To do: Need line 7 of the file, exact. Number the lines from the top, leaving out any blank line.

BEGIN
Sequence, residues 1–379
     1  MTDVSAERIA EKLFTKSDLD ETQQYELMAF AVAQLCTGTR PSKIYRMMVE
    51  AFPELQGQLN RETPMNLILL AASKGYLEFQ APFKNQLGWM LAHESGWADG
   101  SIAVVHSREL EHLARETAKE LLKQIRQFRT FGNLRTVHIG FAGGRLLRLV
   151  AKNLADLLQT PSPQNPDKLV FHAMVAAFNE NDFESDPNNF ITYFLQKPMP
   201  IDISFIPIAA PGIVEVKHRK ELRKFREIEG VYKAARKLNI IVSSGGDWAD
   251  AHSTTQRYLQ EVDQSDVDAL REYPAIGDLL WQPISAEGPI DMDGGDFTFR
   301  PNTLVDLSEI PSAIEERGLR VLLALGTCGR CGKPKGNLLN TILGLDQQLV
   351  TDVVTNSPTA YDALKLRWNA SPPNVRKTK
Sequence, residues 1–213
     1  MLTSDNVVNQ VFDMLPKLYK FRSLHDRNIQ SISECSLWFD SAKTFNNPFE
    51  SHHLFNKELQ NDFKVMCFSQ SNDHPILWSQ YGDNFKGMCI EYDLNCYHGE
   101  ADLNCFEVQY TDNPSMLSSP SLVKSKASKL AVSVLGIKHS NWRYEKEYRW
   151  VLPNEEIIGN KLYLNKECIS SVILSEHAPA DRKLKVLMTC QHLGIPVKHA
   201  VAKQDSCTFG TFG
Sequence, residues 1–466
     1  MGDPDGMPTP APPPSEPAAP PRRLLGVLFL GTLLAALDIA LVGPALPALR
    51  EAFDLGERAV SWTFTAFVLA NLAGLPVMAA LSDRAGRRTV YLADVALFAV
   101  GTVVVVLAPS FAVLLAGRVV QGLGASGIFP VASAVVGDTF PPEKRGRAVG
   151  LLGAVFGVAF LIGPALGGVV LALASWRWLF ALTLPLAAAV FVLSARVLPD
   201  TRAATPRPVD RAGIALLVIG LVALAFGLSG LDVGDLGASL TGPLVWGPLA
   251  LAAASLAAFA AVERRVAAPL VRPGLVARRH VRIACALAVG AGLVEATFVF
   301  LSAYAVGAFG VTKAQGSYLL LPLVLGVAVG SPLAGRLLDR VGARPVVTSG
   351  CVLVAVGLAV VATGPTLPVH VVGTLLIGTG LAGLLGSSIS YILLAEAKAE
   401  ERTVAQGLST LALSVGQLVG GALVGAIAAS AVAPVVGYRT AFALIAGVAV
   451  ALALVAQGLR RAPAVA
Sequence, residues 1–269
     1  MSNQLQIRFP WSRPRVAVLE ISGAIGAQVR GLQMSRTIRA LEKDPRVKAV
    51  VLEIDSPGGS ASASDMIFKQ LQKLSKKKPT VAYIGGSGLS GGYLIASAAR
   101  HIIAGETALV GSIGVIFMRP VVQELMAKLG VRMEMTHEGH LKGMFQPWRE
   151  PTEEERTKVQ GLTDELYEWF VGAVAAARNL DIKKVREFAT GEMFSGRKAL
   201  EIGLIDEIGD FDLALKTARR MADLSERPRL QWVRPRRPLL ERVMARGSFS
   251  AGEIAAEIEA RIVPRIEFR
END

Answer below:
   251  AHSTTQRYLQ EVDQSDVDAL REYPAIGDLL WQPISAEGPI DMDGGDFTFR